by Holly Black
2013 • 256 pages • Margaret K. McElderry Books
After adoring her The Coldest Girl in Coldtown, Ana’s amazing review of Holly Black’s Doll Bones made the next logical step for exploring Black’s back catalog obvious. I always had books at the bookstore that I would shelve and whisper “soon” to (oh, like you don’t talk to yourself in public), and Doll Bones was one.
I am kind of tempted to point you to Ana’s review and hand you off, because she, as ever, gets to the marrow of the matter. Doll Bones is the story of three friends who have played, essentially, a homemade version of Dungeons and Dragons since they were little—Alice, Zach, and their game master, Poppy. Now in middle school, Zach is starting to feel self-conscious about his best friends being girls and playing pretend so much. When his dad throws out his figurines, he, although enraged, takes it as the easy way out of the game. But Poppy is not to be deterred, and she demands that all three go on a quest to bury the creepy, antique doll that represents the Queen in their game world because it’s supposedly haunting her. As Ana beautifully writes, it’s about growing up into a strict gender binary being enforced by the various adults around them and how all three negotiate that. While Zach, a basketball player, and Alice, a theater kid, have access to prefabricated narratives that supposedly mesh with their interests, Poppy, who describes herself as the actually weird one, doesn’t.
So instead of retreading the ground that Ana covered first (and better), I wanted to focus on Poppy. Continue reading
2013 has been a pretty big year, for both me and the blog. Not only I have I graduated college, completed a publishing program, gotten my first job, and moved across the country, but I’ve also tinkered with my writing style, format, and various features here at the Literary Omnivore to build a leaner, meaner bookish machine. So, for the first time in the Literary Omnivore’s history as my live reading journal, I present to you this year in review on the last Saturday of the year.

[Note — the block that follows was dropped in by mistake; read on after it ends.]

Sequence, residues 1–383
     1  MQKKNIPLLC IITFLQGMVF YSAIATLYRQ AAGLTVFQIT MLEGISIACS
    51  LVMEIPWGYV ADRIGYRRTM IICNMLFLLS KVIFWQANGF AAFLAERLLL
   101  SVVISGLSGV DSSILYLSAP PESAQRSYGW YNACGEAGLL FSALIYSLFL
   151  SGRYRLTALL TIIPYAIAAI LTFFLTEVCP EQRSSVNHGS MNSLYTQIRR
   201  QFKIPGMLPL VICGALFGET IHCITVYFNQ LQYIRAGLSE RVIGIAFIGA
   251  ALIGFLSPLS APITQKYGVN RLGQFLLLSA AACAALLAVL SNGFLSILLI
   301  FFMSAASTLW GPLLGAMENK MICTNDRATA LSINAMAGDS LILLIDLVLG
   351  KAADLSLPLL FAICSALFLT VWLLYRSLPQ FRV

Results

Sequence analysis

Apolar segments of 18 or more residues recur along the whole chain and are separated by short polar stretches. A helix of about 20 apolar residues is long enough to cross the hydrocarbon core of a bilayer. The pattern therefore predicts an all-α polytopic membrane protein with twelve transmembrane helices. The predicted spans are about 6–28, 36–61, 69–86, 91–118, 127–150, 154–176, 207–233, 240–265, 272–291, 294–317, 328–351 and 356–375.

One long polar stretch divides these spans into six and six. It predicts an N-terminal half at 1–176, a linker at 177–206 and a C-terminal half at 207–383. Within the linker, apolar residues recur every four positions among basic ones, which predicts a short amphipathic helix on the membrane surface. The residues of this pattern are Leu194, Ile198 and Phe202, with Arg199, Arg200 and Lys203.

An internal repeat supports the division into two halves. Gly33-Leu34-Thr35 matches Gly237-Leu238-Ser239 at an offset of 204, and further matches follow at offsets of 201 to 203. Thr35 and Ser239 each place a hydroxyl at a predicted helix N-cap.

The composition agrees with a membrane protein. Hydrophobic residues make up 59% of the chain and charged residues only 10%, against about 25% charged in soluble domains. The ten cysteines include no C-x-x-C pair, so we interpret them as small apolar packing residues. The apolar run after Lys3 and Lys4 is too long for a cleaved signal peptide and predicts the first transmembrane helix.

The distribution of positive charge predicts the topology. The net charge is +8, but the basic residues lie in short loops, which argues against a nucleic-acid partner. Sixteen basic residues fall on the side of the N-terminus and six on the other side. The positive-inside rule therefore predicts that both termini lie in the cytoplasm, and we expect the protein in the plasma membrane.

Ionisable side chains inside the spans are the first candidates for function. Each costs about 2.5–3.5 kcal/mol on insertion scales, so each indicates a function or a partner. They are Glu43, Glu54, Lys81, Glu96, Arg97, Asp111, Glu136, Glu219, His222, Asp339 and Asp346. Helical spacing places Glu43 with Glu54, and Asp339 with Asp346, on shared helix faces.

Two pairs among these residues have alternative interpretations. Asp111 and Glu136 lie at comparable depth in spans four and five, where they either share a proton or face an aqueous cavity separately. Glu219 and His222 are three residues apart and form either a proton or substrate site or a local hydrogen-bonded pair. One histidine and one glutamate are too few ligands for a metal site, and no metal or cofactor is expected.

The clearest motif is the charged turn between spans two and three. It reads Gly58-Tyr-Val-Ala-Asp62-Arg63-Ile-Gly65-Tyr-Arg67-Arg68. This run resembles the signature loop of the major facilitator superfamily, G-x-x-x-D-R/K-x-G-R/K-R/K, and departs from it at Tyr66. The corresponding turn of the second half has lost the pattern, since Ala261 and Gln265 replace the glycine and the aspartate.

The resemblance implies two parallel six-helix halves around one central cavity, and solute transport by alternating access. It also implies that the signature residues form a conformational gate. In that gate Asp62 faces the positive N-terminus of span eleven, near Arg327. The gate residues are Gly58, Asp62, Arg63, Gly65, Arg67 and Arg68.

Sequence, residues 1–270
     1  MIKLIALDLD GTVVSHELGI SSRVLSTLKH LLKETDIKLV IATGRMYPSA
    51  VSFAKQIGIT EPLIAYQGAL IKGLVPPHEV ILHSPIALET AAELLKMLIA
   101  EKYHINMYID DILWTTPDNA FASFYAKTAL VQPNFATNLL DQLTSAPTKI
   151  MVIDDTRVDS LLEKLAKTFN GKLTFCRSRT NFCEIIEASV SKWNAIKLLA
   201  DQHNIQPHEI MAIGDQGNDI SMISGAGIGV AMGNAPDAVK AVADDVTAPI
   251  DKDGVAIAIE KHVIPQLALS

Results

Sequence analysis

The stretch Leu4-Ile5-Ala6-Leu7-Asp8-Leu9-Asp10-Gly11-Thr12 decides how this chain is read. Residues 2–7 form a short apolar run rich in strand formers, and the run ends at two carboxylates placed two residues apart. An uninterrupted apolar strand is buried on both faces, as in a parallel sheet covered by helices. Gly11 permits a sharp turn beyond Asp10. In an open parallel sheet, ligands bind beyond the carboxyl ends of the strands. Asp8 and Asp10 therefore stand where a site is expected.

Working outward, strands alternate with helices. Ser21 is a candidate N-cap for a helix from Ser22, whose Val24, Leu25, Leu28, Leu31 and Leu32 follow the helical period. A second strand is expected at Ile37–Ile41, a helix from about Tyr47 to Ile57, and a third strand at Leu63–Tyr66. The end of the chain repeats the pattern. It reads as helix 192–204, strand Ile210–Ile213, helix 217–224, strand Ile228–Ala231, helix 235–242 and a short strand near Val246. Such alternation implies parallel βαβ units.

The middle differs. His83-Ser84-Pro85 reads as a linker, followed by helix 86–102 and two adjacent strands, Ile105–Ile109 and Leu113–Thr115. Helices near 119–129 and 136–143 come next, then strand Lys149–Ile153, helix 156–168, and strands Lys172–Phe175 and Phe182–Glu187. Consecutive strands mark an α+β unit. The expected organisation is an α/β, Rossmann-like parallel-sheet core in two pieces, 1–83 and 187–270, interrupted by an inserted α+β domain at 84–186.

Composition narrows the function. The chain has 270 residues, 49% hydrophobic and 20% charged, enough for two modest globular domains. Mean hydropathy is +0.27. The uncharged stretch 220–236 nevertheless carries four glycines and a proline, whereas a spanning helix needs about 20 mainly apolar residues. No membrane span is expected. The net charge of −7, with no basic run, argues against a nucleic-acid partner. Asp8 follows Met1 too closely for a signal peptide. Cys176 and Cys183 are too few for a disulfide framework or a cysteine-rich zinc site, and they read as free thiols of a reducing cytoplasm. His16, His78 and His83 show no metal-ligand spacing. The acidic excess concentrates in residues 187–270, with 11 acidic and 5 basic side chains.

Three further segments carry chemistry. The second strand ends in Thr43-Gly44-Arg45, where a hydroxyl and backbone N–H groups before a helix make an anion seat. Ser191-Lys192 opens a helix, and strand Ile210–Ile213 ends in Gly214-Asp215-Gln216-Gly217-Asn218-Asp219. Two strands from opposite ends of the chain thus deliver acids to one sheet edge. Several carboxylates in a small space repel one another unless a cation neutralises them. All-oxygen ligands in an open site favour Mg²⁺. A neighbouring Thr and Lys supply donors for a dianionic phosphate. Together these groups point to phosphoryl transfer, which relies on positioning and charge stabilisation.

The Coldest Girl in Coldtown by Holly Black
Before picking up The Coldest Girl in Coldtown, I only had two impressions of Holly Black. The first was that “When You’re a Jedi, You’re a Jedi All the Way,” the short story she collaborated on in Geektastic, was a weak execution of a good premise. The second is that she’s friends with Cassandra Clare. (According to disgruntled whispers in the fan community, Black introduced Clare to her literary agent. Remember, dear readers, networking is important! And it doesn’t have to be all cold and impersonal, either!) Sure, her Tithe is on my reading list, but it was added so long ago that I don’t remember how. (I keep much better notes now.) Neither impression scared me away from her, but neither did I go out of my way to pick up Tithe.
Geektastic: Stories from the Nerd Herd edited by Holly Black and Cecil Castellucci
Geektastic: Stories from the Nerd Herd is one of those books I think everyone has read but me, albeit not in the massive numbers as, say, the Millenium trilogy. One of my cousins picked it up from my favorite independent bookstore the last time he visited my stomping grounds, a woman in my writing group read it ages ago, and other book bloggers have picked through it. The arresting cover—I’ve always loved pixel art—is eye-catching and the subject matter definitely appeals to someone who thoroughly identifies as a geek.
Part of the joy of being a geek in the twenty-first century is the community the Internet facilitates; I often look at the lady Trekkies who essentially pioneered fandom with no small amount of awe–what they had to do with newsletters and ‘zines, we do with forums and fanfiction. Fandom is a wonderful thing. Today, we’re going to look at two different books that celebrate it–a short story collection and a novel.